OK, for the first time ever, WordPress ate my post. I sure hope it was tasty. 😑 😦 Hopefully this doesn’t become a regular occurrence. So, I’ll do my best to recreate the tasty snack of a post.

So when does a pattern become your own design? At what point could I say that I essentially drafted it myself? Here’s my finished garment, front and back:

But I used View C of this pattern to make it:

My version is a far cry from the original after all the changes I made to it.

  • Added significant FBA
  • Chevroned (is that a word?) the center front
  • Loosened the overall fit
  • Added a bottom band
  • V neckline
  • Racerback
  • Facings made of interfacing using this tutorial for front & back to make a clean finish.

If someone were to ask me where I bought the pattern, what would I tell them? I can’t say “oh it’s just view C of KS 3497”, because it doesn’t even look like that anymore. So anyway, that’s just something I was pondering this morning.

If you decide to work with ruffled fabric, I even have some handy tips for you courtesy of the lovely Janet from Needle Nook Fabrics. I seem to have misplaced the actual sheet she gave me, so I’ll just go by memory and hope that I don’t leave out something important.

  • Do NOT put you ruffle fabric in the dryer–apparently the tumbling action is hard on it.
  • Use WASHABLE SCHOOL GLUE (I had excellent luck with the liquid school glue vs. a glue stick) to glue down each ruffle. Don’t use the “glue-all” type, it’s NOT the same thing!
  • Do NOT iron the fabric after it’s been glued–you’ll have to wash the glue out first (got that from Elmer’s website, I’m taking their word as gospel truth.)
  • Use a cool iron setting, silk or wool is your best bet, but test it on a scrap first, just in case.
  • Soak it when you’re done to get the glue out, then wash it (I’m planning to do gentle cycle inside a sweater bag–I don’t hand wash).
  • I found it was easier to use a rotary cutter instead of scissors, but I wouldn’t buy one just to use it for this one project.

I’m actually planning to do another version in a normal fabric that’s a bit outside my comfort zone color-wise. We’ll see how quickly I get that done, since I have to clean the sewing room first.

I hope ya’ll have a great weekend!

Burda 12/2011 Completed

OK, so I’ve spent nearly an hour trying to catch up on blog posts for everyone, so I was lazy and didn’t comment. Sorry. 😳

But, I wanted to take some time to review this pattern, because I really liked how it turned out, though I would suggest some changes to anyone else making this up. I wore it yesterday for my FIL’s acceptance, and it got lots of compliments. πŸ™‚

Here’s my review:

Pattern Description: Quietly Sensual. Pair an utterly feminine blouse with plunging neckline and black contrasting band with a skirt of delicate silk crepe. Oh it’s “plunging” alright–clear down to your freakin’ belly button!

Pattern Sizing: 38-46, I made up the 42, which corresponds to approximately a US size 12.

Did it look like the photo/drawing on the pattern envelope once you were done sewing with it? Well, if you take my changes into account it did.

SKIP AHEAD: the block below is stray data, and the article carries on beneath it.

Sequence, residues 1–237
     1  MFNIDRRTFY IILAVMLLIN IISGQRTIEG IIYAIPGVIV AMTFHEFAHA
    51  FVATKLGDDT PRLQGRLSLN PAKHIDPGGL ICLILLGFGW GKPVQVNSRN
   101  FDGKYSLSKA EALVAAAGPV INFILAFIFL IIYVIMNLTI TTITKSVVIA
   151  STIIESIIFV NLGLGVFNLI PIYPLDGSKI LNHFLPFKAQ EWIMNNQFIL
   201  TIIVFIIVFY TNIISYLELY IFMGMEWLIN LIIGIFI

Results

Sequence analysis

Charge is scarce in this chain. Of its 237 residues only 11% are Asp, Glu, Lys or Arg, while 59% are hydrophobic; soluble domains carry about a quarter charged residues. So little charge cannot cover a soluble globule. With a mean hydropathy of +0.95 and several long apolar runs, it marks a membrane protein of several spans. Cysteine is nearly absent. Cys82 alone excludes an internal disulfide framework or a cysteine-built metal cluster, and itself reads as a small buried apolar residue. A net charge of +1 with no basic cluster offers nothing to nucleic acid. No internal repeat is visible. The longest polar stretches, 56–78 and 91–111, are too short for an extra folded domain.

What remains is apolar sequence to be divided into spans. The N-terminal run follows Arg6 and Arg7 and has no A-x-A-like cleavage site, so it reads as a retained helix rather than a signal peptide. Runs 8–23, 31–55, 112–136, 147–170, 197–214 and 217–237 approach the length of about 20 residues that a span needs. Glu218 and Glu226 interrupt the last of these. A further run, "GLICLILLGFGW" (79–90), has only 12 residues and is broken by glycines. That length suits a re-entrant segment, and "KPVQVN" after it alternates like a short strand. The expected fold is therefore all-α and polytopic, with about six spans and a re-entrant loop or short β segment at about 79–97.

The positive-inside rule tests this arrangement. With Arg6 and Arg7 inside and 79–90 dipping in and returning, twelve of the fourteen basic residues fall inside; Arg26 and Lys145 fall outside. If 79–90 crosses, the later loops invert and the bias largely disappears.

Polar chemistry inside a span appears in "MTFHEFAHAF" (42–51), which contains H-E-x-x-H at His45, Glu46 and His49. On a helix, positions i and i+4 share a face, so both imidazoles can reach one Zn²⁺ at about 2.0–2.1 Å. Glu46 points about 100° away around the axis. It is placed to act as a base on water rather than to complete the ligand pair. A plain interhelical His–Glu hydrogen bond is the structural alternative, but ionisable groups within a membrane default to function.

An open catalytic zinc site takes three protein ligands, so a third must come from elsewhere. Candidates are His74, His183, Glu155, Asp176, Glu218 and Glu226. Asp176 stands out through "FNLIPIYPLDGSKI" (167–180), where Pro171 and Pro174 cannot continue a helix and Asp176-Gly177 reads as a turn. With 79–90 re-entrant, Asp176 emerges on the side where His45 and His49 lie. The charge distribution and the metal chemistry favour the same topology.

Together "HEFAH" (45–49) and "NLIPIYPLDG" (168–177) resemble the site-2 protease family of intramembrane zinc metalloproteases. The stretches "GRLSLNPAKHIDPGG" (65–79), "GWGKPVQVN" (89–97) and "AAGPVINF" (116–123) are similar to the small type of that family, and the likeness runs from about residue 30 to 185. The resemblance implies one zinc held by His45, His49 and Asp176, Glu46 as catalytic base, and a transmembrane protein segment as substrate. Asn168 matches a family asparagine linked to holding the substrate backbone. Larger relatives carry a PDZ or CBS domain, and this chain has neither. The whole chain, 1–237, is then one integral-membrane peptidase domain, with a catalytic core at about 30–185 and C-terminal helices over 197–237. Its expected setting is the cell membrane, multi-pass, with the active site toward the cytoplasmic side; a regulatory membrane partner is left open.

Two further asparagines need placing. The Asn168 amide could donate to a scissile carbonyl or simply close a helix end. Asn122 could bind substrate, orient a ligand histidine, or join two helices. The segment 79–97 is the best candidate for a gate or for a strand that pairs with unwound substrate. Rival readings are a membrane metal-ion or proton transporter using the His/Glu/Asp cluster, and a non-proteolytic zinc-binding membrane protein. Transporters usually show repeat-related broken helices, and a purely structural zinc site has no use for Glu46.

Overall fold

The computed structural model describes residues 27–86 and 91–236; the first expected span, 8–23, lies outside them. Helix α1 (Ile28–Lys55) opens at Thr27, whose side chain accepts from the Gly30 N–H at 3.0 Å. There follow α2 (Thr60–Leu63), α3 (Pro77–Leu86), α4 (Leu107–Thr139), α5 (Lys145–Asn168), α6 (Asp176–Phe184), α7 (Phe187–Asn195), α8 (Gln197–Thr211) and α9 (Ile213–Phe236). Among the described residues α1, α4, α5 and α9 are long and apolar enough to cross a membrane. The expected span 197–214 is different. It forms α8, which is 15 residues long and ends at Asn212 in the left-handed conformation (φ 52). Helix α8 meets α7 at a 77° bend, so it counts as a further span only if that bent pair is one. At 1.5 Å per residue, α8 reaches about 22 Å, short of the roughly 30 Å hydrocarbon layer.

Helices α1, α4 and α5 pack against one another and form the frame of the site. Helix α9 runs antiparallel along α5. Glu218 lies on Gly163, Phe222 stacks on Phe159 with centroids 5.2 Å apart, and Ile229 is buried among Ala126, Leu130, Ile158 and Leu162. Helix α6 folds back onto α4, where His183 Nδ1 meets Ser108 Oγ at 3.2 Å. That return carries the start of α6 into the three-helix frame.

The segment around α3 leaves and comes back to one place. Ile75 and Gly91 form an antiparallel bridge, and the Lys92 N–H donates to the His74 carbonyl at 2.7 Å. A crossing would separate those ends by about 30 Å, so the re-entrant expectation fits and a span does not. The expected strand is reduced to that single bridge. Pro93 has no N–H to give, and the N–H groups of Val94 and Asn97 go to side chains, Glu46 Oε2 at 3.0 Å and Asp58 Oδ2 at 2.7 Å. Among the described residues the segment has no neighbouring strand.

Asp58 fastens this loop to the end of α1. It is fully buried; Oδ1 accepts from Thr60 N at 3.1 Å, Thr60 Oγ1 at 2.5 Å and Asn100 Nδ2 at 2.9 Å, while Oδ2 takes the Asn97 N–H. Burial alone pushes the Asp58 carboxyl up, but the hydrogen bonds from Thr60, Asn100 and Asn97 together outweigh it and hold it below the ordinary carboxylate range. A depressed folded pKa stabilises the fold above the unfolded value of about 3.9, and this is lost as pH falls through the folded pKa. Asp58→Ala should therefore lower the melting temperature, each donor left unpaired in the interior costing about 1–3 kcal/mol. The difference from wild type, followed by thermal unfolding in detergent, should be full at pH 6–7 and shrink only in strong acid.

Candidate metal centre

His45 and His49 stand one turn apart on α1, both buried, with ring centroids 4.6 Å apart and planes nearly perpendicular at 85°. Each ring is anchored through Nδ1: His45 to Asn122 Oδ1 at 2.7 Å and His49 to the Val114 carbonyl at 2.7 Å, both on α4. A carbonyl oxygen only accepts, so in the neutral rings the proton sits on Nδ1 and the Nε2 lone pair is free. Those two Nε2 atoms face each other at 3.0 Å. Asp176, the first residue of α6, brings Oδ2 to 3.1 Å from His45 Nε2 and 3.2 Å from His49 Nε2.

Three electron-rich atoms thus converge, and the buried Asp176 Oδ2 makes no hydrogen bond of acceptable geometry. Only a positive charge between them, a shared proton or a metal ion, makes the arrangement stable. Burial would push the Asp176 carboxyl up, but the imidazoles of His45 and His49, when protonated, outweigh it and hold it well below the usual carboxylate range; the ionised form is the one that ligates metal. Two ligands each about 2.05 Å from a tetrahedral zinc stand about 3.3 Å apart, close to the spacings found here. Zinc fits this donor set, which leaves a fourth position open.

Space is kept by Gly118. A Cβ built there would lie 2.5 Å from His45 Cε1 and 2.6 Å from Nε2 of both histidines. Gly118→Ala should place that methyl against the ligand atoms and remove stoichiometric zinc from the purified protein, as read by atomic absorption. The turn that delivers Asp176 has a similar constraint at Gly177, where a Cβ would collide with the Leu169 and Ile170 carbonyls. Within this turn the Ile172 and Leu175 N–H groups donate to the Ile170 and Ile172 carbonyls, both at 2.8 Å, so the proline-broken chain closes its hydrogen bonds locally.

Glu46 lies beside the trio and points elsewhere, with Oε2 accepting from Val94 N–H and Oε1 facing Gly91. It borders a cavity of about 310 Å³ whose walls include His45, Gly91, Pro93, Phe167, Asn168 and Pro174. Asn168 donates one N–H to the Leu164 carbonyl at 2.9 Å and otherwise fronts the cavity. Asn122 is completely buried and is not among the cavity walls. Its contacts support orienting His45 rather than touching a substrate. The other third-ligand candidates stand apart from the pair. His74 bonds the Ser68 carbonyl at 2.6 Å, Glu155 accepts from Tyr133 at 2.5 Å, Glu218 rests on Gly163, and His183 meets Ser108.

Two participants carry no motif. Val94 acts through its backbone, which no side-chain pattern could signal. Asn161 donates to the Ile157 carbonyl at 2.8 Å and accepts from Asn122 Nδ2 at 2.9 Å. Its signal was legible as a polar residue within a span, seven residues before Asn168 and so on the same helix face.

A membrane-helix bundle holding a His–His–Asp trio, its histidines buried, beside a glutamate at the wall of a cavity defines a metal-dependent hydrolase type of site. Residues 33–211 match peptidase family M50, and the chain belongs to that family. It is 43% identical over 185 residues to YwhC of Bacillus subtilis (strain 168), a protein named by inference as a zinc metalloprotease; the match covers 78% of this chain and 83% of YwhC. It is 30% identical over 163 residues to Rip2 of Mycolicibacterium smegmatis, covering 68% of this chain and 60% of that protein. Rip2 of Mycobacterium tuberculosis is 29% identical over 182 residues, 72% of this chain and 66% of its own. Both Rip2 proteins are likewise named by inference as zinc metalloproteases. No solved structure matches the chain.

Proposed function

Were the instructions easy to follow? There were instructions?!? I kid, I kid. No. They suck, as always. But, you’ll be pretty well able to figure it out if you’ve ever made a blouse before.

What did you particularly like or dislike about the pattern? The style just really tripped my trigger. I love the shape of the band, and I find it to be EXTREMELY flattering to my particular shape (inverted-triangular-apple-ish……oh hell, I don’t know, whatever shape I am!) I also love the tucks–I hated putting them in there–but I love the end result.

I HATE the side zipper. Nothing ruins a floaty fabric quite like a zipper, so I’d recommend putting the zip in the center back next time. I may let out the side seams a smidge and remove the zipper on this version altogether, since I can get the blouse on/off (with some care) without the zipper.

I’m not comfortable with the sheer amount of boobage that would have been on display if I’d have made it as-is. So, to raise the neckline from OMG! to slightly scandalous, I overlapped the portion with the pintucks instead of just meeting them in the middle. I think it looks OK like this, but would probably look weird if you tried to overlap it any farther. I still ended up wearing a cami underneath, but I actually liked the way it looked with a cami under it since the fabric is pretty sheer anyway.

After some head scratching, I figured out the band. You’ll have to read the instructions a couple of times, but you’ll figure it out. TIP: I used wash-away wonder-tape to get that sucker stuck in place to topstitch it down.

Fabric Used: I’ll be honest here. I’m not really sure what this floral fabric is–it’s polyester, and it feels a bit like a textured crepe de chine. It’s surprisingly breathable, and not too bad to wear. The black band is a stretch moleskin, which I did NOT interface because it was already significantly heavier than the floaty floral stuff.

Pattern alterations or any design changes you made: I used the longer layer of sleeves from the 107 dress (which is exactly the same pattern with different sleeves, so this is an easy change) and took all of the ease out them so that they would basically go in flat. I’m not totally sold on the sleeves, they’re kind of froufy for my taste, but I’ll probably get over that in time. Other than that, I raised the neckline as much as I could get away with.

Would you sew it again? Would you recommend it to others? Actually, I’m already scheming to make it again, probably in a blue plaid silk dupioni with the same moleskin for the band. And yes, I’d absolutely recommend it.

Conclusion: You won’t regret making this blouse, the end result is beautiful and feminine. It made my waist look positively TINY, and that is a miracle in itself. πŸ˜‰

Whatcha think?